Cokie is best known for her ten years as congressional correspondent on NPR, but her journalism, analysis, and congressional prowess was in demand and she became a “regular” on Morning Edition, The MacNeil/Lehrer NewsHour, World News Tonight with Peter Jennings, and a co-host to This Week with Sam Donaldson & Cokie Roberts.  But through it all, Cokie remained a professional journalist without an agenda.  She was raised in a political family when politics were civilized and friendships were made across the aisle.  That demeanor remained with Cokie Roberts throughout her career.  She also served on the Kaiser Family Foundation, a non-profit organization, and appointed on the Council on Service and Civic Participation by President George W. Bush.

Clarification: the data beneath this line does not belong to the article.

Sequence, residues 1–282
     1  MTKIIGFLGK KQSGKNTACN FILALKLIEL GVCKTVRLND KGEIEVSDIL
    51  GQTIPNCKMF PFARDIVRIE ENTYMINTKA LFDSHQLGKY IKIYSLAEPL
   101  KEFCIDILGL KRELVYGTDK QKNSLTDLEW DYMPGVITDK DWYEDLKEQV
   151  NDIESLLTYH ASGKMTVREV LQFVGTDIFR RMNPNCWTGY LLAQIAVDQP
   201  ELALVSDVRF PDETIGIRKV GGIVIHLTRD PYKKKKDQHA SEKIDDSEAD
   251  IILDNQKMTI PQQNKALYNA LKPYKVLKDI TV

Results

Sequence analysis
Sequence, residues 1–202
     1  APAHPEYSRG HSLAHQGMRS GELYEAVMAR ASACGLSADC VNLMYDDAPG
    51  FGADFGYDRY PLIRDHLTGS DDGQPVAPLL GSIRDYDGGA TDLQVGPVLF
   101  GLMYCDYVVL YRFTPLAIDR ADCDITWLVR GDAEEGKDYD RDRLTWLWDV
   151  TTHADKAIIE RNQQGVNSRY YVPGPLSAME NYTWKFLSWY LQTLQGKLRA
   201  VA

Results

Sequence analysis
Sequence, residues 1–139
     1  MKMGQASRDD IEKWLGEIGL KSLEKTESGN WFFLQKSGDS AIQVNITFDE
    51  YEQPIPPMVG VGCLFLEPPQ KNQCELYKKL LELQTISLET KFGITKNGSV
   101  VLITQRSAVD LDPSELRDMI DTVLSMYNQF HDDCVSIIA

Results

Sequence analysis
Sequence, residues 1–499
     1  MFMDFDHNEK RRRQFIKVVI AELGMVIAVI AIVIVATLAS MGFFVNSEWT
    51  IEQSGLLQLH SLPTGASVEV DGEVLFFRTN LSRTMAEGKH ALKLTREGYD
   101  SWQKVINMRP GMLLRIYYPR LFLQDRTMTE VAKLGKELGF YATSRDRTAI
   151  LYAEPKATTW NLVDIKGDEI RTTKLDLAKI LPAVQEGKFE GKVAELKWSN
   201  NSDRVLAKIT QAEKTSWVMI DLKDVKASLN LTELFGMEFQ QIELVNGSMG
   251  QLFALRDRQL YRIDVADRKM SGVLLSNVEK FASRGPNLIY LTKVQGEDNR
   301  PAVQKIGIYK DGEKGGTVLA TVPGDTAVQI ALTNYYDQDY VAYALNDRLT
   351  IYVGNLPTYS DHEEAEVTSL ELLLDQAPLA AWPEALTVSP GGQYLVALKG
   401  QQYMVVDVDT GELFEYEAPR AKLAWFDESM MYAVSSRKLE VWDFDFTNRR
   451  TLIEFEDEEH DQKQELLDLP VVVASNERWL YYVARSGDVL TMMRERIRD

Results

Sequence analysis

Behind the TV anchor and journalist was also an author.  In 2004, Cokie was interviewed by CNN’s Larry King on her book new book Founding Mothers: The Women Who Raised Our Nation. This book was written and published two years after Cokie was diagnosed with breast cancer.  In the interview, Cokie told Larry that she her profession helped write the book. As a congressional reporter, she witnessed debates on freedom of speech, religion, and bearing arms, bringing her “…closer  to the  founding fathers”.It was time she took a look at the women behind the men.  She brought to light the influence that wives like Martha Washington, and Mrs. Adams (Louisa Catherine) had on their husbands.  Through letters and notes, she put together the lives of these women at a time when men led and women followed.  Cokie discovered the resiliency of Martha Washington at Valley Forge, and Mrs. Jefferson who single handedly took over her husband’s position as Post Master General, and often protected her home with a shot gun.  Through historical letters and notes, Cokie managed to give us a glimpse at the founding mothers.  In a tribute to Cokie, House Majority Leader Nancy Pelosi described Cokie as a “trailblazer” who gave us stories on the “unsung women who built our nation”.